The Supreme Court has reserved judgment in a case brought by convicted drug dealer John Gilligan and his family challenging proceeds of crime orders in relation to some of their assets.
Following a one-and-a-half day hearing, Chief Justice Susan Denham said the five-judge court was reserving its decision.
The Gilligans claim they did not receive a proper trial when his assets were frozen by the State in 1996.
Subsequent court rulings based on that decision were flawed or invalid, they argued.
The property included an equestrian centre in Enfield, Co Meath, which Gilligan had bought and developed before he spent 17 years in prison for drug trafficking. Other property owned by his former wife Geraldine, daughter Tracy and son Darren, was also found to be the proceeds of crime.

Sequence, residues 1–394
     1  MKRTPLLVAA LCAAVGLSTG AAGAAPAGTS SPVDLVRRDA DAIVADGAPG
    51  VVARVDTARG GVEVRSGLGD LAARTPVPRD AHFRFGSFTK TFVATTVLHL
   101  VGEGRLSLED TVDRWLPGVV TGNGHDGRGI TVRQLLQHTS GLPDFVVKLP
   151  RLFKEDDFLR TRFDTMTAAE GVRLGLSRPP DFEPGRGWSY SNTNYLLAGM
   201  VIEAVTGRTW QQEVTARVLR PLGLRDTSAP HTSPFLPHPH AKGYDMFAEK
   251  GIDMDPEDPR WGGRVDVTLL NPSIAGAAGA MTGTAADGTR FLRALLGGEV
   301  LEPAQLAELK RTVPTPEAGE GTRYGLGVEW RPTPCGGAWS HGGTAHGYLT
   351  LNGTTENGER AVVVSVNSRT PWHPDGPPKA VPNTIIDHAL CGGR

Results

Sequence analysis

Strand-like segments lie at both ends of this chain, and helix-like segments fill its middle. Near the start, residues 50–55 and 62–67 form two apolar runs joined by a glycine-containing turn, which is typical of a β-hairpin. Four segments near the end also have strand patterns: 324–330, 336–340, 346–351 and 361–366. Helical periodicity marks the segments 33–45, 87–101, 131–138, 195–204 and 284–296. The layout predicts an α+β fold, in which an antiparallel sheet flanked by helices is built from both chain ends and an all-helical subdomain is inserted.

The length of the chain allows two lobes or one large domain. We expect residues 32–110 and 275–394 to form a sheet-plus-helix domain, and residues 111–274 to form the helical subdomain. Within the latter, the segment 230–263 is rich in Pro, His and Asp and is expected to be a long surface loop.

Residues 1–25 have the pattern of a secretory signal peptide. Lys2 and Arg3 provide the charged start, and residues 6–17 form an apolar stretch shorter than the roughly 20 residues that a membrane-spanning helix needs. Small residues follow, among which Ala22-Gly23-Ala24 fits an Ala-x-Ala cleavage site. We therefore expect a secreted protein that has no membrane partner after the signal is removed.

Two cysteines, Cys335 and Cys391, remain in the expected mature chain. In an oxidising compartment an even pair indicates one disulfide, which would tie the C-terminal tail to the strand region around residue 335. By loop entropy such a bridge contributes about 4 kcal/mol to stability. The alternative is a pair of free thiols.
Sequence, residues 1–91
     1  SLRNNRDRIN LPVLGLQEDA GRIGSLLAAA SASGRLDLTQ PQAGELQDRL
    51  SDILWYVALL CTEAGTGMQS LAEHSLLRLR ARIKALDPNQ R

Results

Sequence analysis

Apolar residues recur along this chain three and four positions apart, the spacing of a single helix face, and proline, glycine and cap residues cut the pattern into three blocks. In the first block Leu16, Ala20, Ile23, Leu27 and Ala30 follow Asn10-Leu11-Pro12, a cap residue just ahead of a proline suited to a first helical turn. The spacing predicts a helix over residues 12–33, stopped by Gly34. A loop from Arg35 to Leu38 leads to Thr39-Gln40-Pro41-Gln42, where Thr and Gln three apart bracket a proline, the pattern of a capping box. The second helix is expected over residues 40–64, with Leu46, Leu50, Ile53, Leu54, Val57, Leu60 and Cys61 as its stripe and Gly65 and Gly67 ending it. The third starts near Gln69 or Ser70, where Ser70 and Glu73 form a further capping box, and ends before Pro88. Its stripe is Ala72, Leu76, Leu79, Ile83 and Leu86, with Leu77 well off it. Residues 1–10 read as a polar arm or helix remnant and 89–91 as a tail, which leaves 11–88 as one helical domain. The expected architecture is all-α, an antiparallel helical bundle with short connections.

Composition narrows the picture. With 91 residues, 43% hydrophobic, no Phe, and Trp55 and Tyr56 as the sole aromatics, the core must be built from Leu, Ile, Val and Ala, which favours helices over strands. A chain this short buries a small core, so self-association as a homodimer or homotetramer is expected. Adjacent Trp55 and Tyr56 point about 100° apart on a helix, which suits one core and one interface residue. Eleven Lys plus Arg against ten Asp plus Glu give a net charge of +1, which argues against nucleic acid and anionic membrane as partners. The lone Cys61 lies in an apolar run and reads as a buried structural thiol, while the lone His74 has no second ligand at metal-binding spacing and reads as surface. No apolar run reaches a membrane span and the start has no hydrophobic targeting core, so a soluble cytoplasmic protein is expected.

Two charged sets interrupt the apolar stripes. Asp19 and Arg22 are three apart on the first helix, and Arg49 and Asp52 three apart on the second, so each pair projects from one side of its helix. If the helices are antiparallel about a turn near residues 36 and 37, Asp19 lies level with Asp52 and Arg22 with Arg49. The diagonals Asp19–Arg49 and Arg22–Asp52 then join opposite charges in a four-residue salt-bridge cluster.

The Gilligans claimed the properties were bought from legitimate earnings.
They also included two houses in Lucan, Dublin, one belonging to Tracy, and another house in Blanchardstown, Dublin, belonging to Darren.
In continuing arguments on the second day of the case, Ben Ó Floinn, counsel for the Criminal Assets Bureau (CAB), rejected claims they did not get a proper hearing.
The 1996 freezing orders, confirmed in a High Court decision in July 1997, were obtained in accordance with legal requirements, he said.
The Gilligans resiled from the opportunity to challenge those orders because they took the view that they would await the next stage provided for under the Proceeds of Crime Act 1996 which was an application by CAB to forfeit the property to the State, Mr Ó’Floinn said.
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